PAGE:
Steel mill town Lackawanna, New York 1950s – an end point of the great (Black) migration north. “There were jobs and money everywhere. Everybody had a new car and a conk.” (A chemical styling to relax men’s kinky hair utilizing lye, sometimes mixed with eggs and potato.) Taken in as a toddler (his mother was a drug addict), Ruben Santiago-Hudson was raised by Miss Rachel “Nanny” Crosby whose voice was soft as cotton. (The play is autobiographical.)
Nanny had saved every penny she made, eventually owning two rooming houses, a shuttle and a combination gambling den and fish fry, “the place to be.” The more genteel rooming house was run by her friend Lotte, while she oversaw and resided (with Ruben) in the other, a refuge for bad gamblers, drunks, drifters, abused women, the handicapped…also a menagerie including, in part, a feisty orphan raccoon, birds with broken wings, a one-eyed cat…thus, the moniker, Nanny.
The boy’s replacement mother is, however, no pushover. She breaks up several brutal fights, confronts a wife beater in a white Cadillac with quiet “bring it on,” confidence, and handles her own man, the much younger Bill, who impregnates a female boarder and leaves nine year-old Ruben to walk home barefoot in his swimming trunks after a fishing trip gone wrong. Nanny’s threats carry as much weight as one of her knife-wielding neighbors, yet kindness pervades.
The solo actor channels 23 colorful, mostly uneducated characters as if a southern Damon Runyon, some with a line or two of dialogue, others with full vignettes. Each has his or her accent, tone, cadence, octave and physical distinction. Speech emerges like music. Numb Finger Pete, Lemuel Taylor, Sweet Tooth Sam and Ol Po’ Carl- whose malaprops describe “The Entire State Building and Statue of Delivery” – are as vivid as Norma who rings the bell at 3 a.m., bloodied with her children in tow. Poignancy, violence and humor run tandem. Everything tracks back to Nanny.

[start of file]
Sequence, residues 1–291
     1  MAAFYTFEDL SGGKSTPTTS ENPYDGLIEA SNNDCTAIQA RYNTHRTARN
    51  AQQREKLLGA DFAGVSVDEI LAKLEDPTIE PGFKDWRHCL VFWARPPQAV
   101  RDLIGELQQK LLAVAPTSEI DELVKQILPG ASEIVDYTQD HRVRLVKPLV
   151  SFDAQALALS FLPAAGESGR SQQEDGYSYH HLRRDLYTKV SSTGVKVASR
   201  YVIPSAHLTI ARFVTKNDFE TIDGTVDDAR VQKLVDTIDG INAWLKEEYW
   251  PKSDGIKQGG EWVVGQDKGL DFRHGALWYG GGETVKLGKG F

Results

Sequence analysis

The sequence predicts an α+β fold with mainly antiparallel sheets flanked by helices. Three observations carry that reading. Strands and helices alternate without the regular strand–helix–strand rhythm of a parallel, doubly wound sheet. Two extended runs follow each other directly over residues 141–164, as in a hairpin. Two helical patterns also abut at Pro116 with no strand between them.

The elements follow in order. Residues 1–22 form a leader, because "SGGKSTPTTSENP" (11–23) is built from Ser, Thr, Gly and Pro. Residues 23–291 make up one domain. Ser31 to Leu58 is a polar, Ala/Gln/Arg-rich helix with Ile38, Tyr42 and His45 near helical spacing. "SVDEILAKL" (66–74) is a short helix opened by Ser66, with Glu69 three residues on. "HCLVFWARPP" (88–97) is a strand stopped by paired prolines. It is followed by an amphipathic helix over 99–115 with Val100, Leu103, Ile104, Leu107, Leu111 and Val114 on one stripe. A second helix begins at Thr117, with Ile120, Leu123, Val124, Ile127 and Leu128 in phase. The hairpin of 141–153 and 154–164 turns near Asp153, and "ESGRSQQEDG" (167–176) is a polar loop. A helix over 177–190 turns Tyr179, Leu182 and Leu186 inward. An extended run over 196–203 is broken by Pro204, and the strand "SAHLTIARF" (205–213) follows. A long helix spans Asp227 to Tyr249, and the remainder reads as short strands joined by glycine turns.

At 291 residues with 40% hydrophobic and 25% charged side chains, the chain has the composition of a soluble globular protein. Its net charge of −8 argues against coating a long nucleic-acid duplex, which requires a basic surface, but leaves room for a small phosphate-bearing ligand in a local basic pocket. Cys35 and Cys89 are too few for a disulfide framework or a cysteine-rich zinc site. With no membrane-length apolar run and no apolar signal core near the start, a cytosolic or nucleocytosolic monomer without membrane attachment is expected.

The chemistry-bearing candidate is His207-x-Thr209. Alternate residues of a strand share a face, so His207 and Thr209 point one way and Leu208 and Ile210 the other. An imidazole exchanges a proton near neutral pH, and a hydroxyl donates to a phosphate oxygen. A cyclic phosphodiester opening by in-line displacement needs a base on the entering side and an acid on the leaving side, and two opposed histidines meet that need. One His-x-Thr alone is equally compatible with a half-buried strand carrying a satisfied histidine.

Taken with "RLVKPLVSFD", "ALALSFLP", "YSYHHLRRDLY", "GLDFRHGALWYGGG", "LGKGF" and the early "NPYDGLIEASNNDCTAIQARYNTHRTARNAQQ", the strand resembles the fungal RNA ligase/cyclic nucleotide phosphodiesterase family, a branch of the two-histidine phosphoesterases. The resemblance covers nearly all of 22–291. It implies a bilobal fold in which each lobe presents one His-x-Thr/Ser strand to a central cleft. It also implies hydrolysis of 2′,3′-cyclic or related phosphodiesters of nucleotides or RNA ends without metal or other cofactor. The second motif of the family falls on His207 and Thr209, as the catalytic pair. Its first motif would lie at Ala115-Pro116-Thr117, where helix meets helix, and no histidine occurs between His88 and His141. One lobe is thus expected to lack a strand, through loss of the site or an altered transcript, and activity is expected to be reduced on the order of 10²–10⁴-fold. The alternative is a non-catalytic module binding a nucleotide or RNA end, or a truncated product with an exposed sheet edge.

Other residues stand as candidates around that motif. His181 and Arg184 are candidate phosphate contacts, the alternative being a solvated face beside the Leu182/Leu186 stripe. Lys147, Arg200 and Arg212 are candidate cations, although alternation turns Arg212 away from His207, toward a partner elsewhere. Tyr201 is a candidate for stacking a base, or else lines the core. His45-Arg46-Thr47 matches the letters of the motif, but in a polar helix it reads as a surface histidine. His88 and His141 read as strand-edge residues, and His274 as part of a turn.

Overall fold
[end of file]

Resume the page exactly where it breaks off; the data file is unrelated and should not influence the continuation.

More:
Actual music is provided both by onstage guitarist Junior Mack who plays traditional jazz and blues with experiential ease, and Santiago-Hudson’s professional-level blues harmonica. Integration is seamless. Bill Sims Jr.’s original music sounds as if it belonged to the original cannon. Santiago-Hudson ambles, dances, and morphs sex and age. A tall man, he’s decidedly graceful and deeply rhythmic. When he looks out at or addresses the audience, warmth is palpable.
The story is rich, moving, amusing, and entertaining. Its author/actor/director a virtuoso on all fronts. Ruben Santiago-Hudson directed Jitney, The Piano Lesson and Seven Guitars with skill, but to control movement and pacing without standing away is a different kind of accomplishment. This is an excellent piece and a master class for anyone planning solo work.
Michael Carnahan’s minimal, evocative set features stools, chairs, and a table framed by a seemingly beat-up wood proscenium. A door with iron gate, window, and light fixture with fan hang from above. The brick wall ‘backstop’ adds environmental atmosphere.
Jen Schriever’s lighting design subtly affects the way each scenario lands.
Photos by Marc J. Franklin
Lackawanna Blues originated at The Public Theater. Four years later, it became an HBO Special starring S. Epatha Merkerson (in place of Santiago-Hudson) as directed by George C. Wolfe.
Manhattan Theatre Club presents
Written, Performed and Directed by Ruben Santiago-Hudson
Music performed by Junior Mack
Extended to December 7, 2021
The Samuel J. Friedman Theatre
261 West 47th Street